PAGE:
“When I got to the Senate, I didn’t need to be educated on the importance of the U.S.-Israeli relationship,” Sullivan said. “I also certainly didn’t need to be educated on the threat that the terrorist regime in Tehran posed to Israel and posed to the United States.”

His experience in the State Department, where he worked from 2006 to 2009, molded his view of international relations and diplomacy. 

During that time, he told JI, he helped push for Israel’s inclusion in the Organisation for Economic Cooperation and Development and traveled the globe as part of an effort to convince America’s allies, including France, Germany, Norway and Japan, to divest from the Iranian oil and gas sector.

Sullivan commended Trump’s actions with regard to Iran, singling out his decision to assassinate Iranian Gen. Qassim Soleimani, the head of the Quds Force in Iran’s Islamic Revolutionary Guard Corps, whom the senator regarded as a grave threat to the security of American troops in the Middle East. 

“As soon as I got to the Senate, I started giving speeches about this guy Soleimani,” Sullivan said. “I’ve talked to the president numerous times about him. I’ve talked to the senior military. What the United States did with regard to the strike against Soleimani is that we reestablished deterrence,” Sullivan added. “This is really hard.”

Sullivan believes Trump’s tough posture toward Iran has helped the United States in brokering recent agreements between Israel and Bahrain and the United Arab Emirates. 

Sullivan on the campaign trail. (Courtesy)

“Most of this, of course, is driven by the recognition that the biggest threat in the region, whether it’s to Israel, or to Saudi Arabia, or to the UAE, is Iran,” Sullivan said. “The Trump administration has been very steady and focused on this in a way that has dramatically shifted the narrative,” he told JI, “in a way that, I think, takes advantage of the changing circumstances on the ground in a really important way.”

Sullivan added his concern that Trump’s diplomatic achievements would be in jeopardy if Democratic presidential nominee Joe Biden — who has said he will reenter the Iran nuclear deal — is elected in November. “He would be undermining this progress,” Sullivan said. 

“This is what is at stake with regard to this election,” the senator concluded.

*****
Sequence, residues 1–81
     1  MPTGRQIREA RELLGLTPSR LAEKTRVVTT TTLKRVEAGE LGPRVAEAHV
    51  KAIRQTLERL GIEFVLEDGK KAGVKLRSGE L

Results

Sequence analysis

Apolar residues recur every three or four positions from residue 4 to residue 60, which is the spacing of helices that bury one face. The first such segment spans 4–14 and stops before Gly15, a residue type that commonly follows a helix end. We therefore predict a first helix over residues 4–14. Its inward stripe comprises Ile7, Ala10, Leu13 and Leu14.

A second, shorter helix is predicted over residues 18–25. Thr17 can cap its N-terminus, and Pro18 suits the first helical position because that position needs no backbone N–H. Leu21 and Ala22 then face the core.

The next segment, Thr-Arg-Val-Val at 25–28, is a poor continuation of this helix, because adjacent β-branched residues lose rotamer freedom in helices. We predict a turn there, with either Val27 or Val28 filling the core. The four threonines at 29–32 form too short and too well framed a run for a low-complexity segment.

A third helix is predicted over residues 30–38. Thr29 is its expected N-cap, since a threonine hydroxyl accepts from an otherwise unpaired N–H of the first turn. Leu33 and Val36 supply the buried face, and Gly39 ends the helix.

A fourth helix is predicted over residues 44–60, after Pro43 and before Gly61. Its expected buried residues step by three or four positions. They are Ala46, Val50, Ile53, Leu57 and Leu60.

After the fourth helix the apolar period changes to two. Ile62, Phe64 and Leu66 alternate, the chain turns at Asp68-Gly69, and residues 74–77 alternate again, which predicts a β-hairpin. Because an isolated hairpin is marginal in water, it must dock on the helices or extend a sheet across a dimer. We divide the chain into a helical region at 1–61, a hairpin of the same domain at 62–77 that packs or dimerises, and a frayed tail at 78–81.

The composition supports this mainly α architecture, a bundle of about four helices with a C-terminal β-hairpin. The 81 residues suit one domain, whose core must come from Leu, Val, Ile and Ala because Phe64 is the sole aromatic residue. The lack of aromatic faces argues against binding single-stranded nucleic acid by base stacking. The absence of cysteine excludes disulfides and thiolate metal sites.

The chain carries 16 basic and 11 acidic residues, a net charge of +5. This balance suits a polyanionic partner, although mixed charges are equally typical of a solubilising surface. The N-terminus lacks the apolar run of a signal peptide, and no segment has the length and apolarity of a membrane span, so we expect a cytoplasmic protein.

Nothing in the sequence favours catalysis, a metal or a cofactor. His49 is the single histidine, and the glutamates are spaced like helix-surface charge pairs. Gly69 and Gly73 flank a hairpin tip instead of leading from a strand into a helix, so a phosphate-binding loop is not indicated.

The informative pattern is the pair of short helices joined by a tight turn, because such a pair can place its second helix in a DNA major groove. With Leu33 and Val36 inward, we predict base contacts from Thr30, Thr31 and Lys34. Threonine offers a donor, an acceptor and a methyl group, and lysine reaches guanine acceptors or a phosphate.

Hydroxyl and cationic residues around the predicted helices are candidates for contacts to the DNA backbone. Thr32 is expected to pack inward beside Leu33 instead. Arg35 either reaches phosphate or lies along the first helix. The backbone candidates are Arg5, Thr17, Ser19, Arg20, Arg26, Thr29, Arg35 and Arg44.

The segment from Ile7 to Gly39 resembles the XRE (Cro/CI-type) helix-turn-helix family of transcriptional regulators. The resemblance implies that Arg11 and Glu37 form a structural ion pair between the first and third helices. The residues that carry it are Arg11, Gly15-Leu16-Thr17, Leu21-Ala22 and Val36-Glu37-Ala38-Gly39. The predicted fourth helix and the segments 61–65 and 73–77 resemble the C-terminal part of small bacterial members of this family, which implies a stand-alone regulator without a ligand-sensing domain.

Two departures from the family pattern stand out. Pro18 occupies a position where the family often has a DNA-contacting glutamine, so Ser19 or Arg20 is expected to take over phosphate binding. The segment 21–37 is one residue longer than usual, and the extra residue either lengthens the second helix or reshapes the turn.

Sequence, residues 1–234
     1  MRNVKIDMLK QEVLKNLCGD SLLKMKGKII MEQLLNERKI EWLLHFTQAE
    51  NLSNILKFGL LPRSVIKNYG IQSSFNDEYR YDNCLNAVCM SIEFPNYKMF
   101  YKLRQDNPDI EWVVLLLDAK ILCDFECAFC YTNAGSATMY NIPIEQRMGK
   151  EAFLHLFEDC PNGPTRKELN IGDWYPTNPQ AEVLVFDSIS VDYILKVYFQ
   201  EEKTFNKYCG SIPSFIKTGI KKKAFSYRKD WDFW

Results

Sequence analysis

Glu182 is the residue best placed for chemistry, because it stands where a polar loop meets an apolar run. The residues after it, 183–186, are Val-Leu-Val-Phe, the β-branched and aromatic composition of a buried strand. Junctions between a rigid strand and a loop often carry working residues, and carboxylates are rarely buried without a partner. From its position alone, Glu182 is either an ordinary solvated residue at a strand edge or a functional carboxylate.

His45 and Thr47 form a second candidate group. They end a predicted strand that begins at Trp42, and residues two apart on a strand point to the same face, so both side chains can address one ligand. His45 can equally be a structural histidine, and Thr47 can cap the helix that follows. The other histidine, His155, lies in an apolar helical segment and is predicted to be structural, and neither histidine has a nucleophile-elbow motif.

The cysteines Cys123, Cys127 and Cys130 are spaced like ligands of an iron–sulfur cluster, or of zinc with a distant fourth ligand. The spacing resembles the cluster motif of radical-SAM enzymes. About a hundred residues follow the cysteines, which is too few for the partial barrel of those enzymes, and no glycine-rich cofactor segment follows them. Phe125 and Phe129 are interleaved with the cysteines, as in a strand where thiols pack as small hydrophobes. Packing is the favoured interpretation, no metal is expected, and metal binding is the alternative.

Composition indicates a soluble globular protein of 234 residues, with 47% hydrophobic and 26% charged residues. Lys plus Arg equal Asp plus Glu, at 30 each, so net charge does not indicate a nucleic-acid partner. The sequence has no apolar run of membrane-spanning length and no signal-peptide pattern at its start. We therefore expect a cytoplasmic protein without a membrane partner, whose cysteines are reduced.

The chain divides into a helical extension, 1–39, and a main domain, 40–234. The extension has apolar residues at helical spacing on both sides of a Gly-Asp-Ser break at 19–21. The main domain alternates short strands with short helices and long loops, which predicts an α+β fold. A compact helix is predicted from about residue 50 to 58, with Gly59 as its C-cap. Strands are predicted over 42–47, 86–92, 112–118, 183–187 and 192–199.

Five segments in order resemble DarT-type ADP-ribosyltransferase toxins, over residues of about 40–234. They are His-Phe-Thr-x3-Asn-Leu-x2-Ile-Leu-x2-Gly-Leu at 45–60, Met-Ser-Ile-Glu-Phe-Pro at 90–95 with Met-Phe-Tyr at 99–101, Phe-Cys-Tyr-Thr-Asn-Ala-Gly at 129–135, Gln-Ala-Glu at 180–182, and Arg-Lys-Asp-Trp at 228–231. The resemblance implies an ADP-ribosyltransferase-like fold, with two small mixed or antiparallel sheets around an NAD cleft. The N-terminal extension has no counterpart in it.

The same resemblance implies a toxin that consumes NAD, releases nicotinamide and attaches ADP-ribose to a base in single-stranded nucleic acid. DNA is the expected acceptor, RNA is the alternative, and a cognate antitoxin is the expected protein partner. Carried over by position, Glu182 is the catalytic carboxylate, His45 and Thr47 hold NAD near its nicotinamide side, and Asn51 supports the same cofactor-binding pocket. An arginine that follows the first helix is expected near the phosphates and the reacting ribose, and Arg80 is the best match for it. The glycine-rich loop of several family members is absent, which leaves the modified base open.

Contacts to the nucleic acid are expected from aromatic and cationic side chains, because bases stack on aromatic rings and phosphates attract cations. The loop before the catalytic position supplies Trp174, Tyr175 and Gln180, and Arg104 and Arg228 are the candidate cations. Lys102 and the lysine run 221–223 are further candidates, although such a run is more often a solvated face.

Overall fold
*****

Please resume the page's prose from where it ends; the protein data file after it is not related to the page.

Sullivan can at least remain hopeful that he will hold onto his seat even if Trump isn’t reelected, though he told JI that he is operating on the assumption that he needs to run an aggressive campaign nonetheless. 

“Alaska, from my perspective, is a lot more purple than red,” Sullivan said. 

Ivan Moore, a veteran pollster who runs Alaska Survey Research in Anchorage, agreed with Sullivan’s appraisal of the state’s political makeup. 

“I think he’s still the favorite, but there is the potential for an upset,” said Moore, adding that the state has been trending purple in recent years as young transplants who aren’t interested in working in the energy sector move to the state.

While Sullivan appears somewhat vulnerable this cycle, Moore predicted that he would hold onto his seat. But whether that will be the case six years from now remains to be seen.

“The days when a Republican could run a weak campaign, not really pay much attention to it and still win by 10 or 15 points,” Moore told JI, “are kind of a thing of the past.”

Alaska Senate candidate Al Gross hopes his outsider status will propel him to D.C.

Al Gross is an ideal Senate candidate — at least by Alaskan standards. 

The 57-year-old former orthopedic surgeon entered the state’s Democratic primary race last summer as an independent. In an introductory ad, a gravelly voice-over narration touted his rugged background as a commercial fisherman, itinerant ocean hitchhiker and gold prospector who once killed a grizzly bear in self-defense. (It snuck up on him while he was duck hunting some 40 miles south of Juneau.)

Gross’s compelling story has caught the attention of the national media as he competes in the state’s August 18 primary for the chance to challenge first-term Republican Sen. Dan Sullivan in November. The nonpartisan Cook Political Report recently upgraded the race from “solid” to “likely Republican,” giving the Democrats a glimmer of hope as the party attempts to flip the Senate in November.

Though Gross is running as an independent, he has support from the Democratic Senatorial Campaign Committee. Sen. Chris Coons (D-DE), who attended Amherst College with Gross, offered an enthusiastic assessment of his former classmate in a statement to Jewish Insider

“He’s a lifelong Alaskan with a deep understanding of the complex policies that impact our environment, our healthcare system and our place in the global community,” Coons said in his statement. “Al is informed, passionate and will legislate in a responsible and progressive way to protect Alaskans — and all Americans. He will be a valuable ally who supports a strong U.S.-Israel relationship. He’s a different kind of candidate, and he will be a strong voice in the U.S. Senate.”

Gross is confident that he can defy the odds and oust Sullivan this cycle, pointing out that Alaskan voters have a strong tendency to favor independent candidates. The Alaskan-born candidate’s father, Avrum Gross, was a Democratic attorney general who served under Alaskan Gov. Jay Hammond, a Republican who represented the state from 1974 to 1982 and whom Gross described as a “role model and a friend” during his formative years. 

“That relationship and friendship is why I registered as an independent when I was 18,” Gross told JI in an interview, “because it was always about working together for the betterment of the state.” 

Gross, who is Jewish, has long felt like an outsider in a state that takes pride in them. His bar mitzvah, he said, was the first ever in southeast Alaska — his parents flew in a rabbi for the ceremony — and there were only a few Jewish kids in his Juneau high school.